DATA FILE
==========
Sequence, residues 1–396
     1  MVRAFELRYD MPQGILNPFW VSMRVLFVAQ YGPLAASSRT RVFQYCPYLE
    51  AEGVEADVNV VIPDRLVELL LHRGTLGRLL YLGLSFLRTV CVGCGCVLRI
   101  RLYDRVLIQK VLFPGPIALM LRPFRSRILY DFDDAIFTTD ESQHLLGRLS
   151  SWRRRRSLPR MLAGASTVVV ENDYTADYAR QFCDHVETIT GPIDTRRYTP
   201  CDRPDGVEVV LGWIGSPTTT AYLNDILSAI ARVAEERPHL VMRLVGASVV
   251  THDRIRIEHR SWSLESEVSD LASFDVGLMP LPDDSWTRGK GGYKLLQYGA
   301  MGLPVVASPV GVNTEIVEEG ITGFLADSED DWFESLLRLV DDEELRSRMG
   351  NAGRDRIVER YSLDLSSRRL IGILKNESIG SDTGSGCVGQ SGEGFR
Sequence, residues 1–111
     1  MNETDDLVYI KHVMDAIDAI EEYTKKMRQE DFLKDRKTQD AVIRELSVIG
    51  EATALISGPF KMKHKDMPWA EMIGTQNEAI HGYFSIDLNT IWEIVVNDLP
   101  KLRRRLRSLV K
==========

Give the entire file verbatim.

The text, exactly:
Sequence, residues 1–396
     1  MVRAFELRYD MPQGILNPFW VSMRVLFVAQ YGPLAASSRT RVFQYCPYLE
    51  AEGVEADVNV VIPDRLVELL LHRGTLGRLL YLGLSFLRTV CVGCGCVLRI
   101  RLYDRVLIQK VLFPGPIALM LRPFRSRILY DFDDAIFTTD ESQHLLGRLS
   151  SWRRRRSLPR MLAGASTVVV ENDYTADYAR QFCDHVETIT GPIDTRRYTP
   201  CDRPDGVEVV LGWIGSPTTT AYLNDILSAI ARVAEERPHL VMRLVGASVV
   251  THDRIRIEHR SWSLESEVSD LASFDVGLMP LPDDSWTRGK GGYKLLQYGA
   301  MGLPVVASPV GVNTEIVEEG ITGFLADSED DWFESLLRLV DDEELRSRMG
   351  NAGRDRIVER YSLDLSSRRL IGILKNESIG SDTGSGCVGQ SGEGFR
Sequence, residues 1–111
     1  MNETDDLVYI KHVMDAIDAI EEYTKKMRQE DFLKDRKTQD AVIRELSVIG
    51  EATALISGPF KMKHKDMPWA EMIGTQNEAI HGYFSIDLNT IWEIVVNDLP
   101  KLRRRLRSLV K